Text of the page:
This morning a friend of mine shared a somewhat alarming story about there being possibly a nuclear incident of some kind in the Arctic, likely due to Russian ships and submarines in the Kola Peninsula near Finland and Norway that have decayed and possibly spilled out nuclear waste into the Arctic Ocean. At the moment there has been no confirmation of what happened and speculation has run rampant, but among the possibilities it appears mostly likely that the nuclear disaster was due to the decay of existing facilities or ships leading to some sort of loss of containment of the nuclear materials within, if not to the highest levels of nuclear disaster , at least to such an extent that there is concern about the safety and well-being of the Arctic yet again . As someone who cares surprisingly a lot about the well-being of that obscure region, it is quite upsetting to think that there could be a serious nuclear disaster that has gone completely unknown because Russia refuses to be transparent about what is going on in the troubled home of its mothballed Arctic fleet.
This morning I also got a message from my mom about her mother, whose health has declined dramatically over the past few months to the point where I have more or less a frequent watch on the price of plane tickets to and from Tampa in expectation of an eventual need to fly for yet another family funeral . At this particular stage, it seems likely that my grandmother’s character has been tested sufficiently. Her deep emotional reserve and generosity of spirit expressed especially through food made for an unusual combination when I was being brought up as a child, but God certainly at this point knows all He needs to know about her character and there is little left to test as far as she is concerned. When someone’s life has reached the point where their own capacity for action and expression and a great deal of their memory has been lost, it can safely be said that there is nothing more that they can be fairly tested on, and that they have passed whatever remains except for the grimmest persistence to live or the acceptance that one’s life is nearing its end.
Yet when people reach such a place, there is still a trial for the living. The end of life, just like the beginning of life, places a trial on those who are taking care of the helpless and defenseless. When a baby is crying and upset, or an elderly person gone senile is frustrated and upset, it is not their character that is being tested and refined. They are acting the way that they are because they have no choice or say in the matter. Where there is no will and no capacity to do anything else, there can be no responsibility or blame in the matter. The trial is on the living, on how we can manage to show love and concern for those whose behaviors are deeply frustrated. It is hard to show kindness to crying, needy, and demanding infants who are loud and frustrating, and it is hard to care for elders whose bodies and minds are rapidly deteriorating and who cannot remember us and engage us and interact with us profitably like they used to. In the one case, we must look to the future as capacity increases and capabilities are learned, and in the other case we must look to the past and to the good times that were once shared that are no longer ours to enjoy. Either way, the trial is for those who are living and who retain their sound mind and relatively good health, to preserve love and respect for those who can not yet or no longer do much of anything for themselves, as much as we might wish that they would be less frustrating to deal with.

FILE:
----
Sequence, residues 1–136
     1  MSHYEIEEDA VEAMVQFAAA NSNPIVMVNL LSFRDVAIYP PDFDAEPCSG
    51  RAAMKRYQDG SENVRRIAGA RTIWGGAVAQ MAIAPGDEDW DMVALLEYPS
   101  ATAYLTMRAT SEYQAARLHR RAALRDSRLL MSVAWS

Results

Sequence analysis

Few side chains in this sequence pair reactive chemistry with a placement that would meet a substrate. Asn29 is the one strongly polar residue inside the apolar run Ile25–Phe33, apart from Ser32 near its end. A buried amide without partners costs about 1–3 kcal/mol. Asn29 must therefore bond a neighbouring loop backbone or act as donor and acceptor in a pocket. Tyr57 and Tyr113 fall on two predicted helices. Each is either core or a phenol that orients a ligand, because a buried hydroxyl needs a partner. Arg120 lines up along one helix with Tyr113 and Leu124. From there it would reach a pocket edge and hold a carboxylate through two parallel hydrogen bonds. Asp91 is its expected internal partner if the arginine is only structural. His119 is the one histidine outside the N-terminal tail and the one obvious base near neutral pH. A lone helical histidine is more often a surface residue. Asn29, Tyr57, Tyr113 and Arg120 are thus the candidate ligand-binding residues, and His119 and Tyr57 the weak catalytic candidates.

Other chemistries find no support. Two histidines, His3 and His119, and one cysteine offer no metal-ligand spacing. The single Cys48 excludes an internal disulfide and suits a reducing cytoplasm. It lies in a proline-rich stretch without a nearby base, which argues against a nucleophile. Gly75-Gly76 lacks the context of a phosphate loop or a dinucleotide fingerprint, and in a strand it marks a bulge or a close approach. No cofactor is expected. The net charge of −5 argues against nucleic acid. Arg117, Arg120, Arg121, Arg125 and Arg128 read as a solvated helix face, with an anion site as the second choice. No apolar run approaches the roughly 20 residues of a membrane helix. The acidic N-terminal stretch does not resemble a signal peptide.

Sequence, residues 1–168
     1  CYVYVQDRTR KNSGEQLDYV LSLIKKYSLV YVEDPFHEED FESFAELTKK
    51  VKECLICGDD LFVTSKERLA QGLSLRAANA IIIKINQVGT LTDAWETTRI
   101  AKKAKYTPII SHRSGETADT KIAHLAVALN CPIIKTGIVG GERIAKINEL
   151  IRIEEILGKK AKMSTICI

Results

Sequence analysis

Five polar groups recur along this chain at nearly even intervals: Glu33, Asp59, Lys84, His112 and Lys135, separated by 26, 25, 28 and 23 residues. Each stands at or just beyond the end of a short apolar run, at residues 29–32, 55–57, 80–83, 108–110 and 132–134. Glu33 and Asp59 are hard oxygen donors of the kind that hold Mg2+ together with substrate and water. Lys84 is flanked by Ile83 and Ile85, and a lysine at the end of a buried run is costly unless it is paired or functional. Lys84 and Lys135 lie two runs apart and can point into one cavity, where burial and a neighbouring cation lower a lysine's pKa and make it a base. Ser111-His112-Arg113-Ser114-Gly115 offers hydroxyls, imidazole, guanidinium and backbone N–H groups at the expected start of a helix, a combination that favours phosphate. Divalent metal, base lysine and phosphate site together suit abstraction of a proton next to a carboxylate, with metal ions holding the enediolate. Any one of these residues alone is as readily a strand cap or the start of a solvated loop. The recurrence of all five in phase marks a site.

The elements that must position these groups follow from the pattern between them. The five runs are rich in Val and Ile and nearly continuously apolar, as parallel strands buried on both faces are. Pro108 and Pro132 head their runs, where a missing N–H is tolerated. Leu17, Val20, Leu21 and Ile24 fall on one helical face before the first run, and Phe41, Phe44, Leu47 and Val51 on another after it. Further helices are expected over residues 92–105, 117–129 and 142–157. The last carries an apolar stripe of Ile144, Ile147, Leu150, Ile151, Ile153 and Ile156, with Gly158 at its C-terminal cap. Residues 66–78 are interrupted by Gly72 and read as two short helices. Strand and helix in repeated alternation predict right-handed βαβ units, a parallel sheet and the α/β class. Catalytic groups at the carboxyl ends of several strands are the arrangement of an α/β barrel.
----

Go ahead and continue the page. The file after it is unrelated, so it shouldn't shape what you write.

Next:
And as it is with people, so it is with what we build. In decades past the Soviet Union (and not only them) built up a great deal of infrastructure that depended on nuclear power. The promise was that such power could be tamed and made safe and would be long-lasting and less destructive than other forms, but as we have seen in recent years it is hard to sustain the containment that is necessary to keep nuclear energy from contaminating the outside world. Natural disaster and the ravages of time destroy the best defenses we know how to build, and we are left with the reality that nuclear energy is something that retains the power to harm us many generations after we no longer need to use the ships and submarines that we built to defend ourselves from the dangers other presented, and that the nuclear plants we construct to reduce our dependence on vulnerable logistical chains of oil from dodgy regimes in dangerous parts of the world themselves are vulnerable to the vicissitudes of our dangerous planet. The remnants and wreckage of our past leaves trials for the living. There is little we can do but face these trials as bravely and wisely as we can.
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